FORT WAYNE – A new well will allow Aqua Indiana customers to resume watering their lawns, but it will neither end the connection between the private company and Fort Wayne City Utilities nor the citys desire to provide water to even more Aqua customers.
The private utility Tuesday announced its 11th well was functional, providing up to 500,000 gallons of water a day to the Chestnut Hills treatment plant on Illinois Road.
The new well allowed the company to remove its ban on watering lawns.
Tom Bruns, company president, said the new well likely wont mean changes for everyday use of the water – such as increased pressure – but it will make the company more capable to deal with droughts like the community faced this summer.
The capacity of the new well is not necessary to meet daily demand, but it can generate a significant amount of additional water that is now immediately available should it be necessary, he said.
The company pumped more than 5 million gallons of water a day to its customers during the July heat and drought, but demand dropped to 3.3 million gallons a day during August.
During that peak time in July, the company connected 1,200 of its customers to City Utilities and faced an inquiry by the Indiana Utilities Regulatory Commission over water pressure concerns.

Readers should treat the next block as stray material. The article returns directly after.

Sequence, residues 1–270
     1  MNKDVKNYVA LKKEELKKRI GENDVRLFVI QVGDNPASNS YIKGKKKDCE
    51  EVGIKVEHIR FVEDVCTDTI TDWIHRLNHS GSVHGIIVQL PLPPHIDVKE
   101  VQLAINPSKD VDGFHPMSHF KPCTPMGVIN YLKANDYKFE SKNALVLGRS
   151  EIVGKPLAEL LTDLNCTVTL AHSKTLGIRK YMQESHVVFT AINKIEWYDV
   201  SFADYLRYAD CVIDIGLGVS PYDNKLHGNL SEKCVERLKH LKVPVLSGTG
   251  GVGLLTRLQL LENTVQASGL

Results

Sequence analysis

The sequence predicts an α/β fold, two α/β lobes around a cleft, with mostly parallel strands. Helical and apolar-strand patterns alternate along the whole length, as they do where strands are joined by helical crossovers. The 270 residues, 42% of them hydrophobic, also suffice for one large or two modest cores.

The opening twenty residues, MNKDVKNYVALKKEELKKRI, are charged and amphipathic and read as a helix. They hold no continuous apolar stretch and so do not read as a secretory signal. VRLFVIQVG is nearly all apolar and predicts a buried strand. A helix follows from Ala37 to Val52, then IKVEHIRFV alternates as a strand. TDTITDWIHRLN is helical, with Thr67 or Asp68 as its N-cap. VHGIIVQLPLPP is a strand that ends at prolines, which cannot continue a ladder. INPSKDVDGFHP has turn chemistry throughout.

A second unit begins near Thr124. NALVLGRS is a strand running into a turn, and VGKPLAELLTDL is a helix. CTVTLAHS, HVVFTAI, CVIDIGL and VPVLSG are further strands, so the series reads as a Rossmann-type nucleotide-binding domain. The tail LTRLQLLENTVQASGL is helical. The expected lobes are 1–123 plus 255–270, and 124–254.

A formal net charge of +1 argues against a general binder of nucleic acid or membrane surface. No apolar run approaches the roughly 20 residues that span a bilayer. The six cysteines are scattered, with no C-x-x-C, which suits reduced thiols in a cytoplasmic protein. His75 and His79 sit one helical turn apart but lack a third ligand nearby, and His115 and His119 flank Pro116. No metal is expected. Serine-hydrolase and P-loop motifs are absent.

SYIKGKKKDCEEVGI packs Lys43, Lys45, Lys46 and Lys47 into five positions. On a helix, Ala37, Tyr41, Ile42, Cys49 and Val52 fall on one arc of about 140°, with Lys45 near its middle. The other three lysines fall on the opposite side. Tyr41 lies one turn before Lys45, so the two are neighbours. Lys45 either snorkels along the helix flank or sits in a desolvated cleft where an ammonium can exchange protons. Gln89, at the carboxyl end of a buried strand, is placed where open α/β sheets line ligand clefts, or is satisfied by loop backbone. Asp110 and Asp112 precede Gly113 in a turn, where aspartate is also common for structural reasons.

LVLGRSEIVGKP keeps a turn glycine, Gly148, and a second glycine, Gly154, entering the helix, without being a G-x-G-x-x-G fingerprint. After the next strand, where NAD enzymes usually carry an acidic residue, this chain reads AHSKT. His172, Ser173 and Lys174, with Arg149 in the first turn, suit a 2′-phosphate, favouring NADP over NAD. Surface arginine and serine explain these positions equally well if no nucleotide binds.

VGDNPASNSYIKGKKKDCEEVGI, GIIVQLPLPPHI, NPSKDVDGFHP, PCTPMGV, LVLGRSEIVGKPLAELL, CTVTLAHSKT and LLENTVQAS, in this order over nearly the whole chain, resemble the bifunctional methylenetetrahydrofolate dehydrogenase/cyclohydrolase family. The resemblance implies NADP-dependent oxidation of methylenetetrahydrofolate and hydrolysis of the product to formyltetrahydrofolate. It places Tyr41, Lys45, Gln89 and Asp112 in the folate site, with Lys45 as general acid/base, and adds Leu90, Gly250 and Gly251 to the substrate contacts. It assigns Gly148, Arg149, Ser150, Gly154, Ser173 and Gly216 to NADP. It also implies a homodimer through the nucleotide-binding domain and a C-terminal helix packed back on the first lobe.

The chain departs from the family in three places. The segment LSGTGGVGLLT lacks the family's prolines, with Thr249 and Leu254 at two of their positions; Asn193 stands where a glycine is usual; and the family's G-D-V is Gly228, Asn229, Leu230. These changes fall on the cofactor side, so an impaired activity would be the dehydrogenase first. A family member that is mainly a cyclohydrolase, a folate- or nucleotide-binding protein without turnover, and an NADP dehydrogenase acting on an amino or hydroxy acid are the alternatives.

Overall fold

With pressure from the state regulators, the company agreed to conduct an independent audit of its operations for the state. The contract for the work is to be issued next month with the report completed in November, according to the companys request for proposals document.
While he believes his utility has adequate water capacity to serve its customers, Bruns said it will remain connected to City Utilities until the audit is completed. The connected customers use about 250,000 gallons a day, Bruns said.
Ted Nitza, consultant for City Utilities, said the city was pleased Aqua customers can now enjoy the same freedoms of water use enjoyed by city customers throughout the summer – Fort Wayne never imposed water restrictions.
Many Aqua customers expressed their pleasure with the citys service and water quality, Nitza said, and the city hopes to expand that service to even more private customers.
City Utilities would like to see that connection expand to other customers of Aqua Indiana, and we would like to see that interconnection remain permanent .
While Nitza said Mayor Tom Henry wants to increase efforts to get all city residents quality water, there are only preliminary discussions with Aqua about long-term plans.
Bruns said those discussions are part of a much larger picture of how the two utilities can exist together. He said they include the city selling water to a portion of Aqua customers and some wastewater issues.
The city bought the northern section of Aqua Indiana through condemnation in 2008 for $16.9 million, but the company is disputing that price. The Indiana Supreme Court has agreed to rule on procedural issues between the sides before the case proceeds on the actual price.
Henry has previously said it would be unwise to do anything with the southwest utility before the northern purchase is resolved.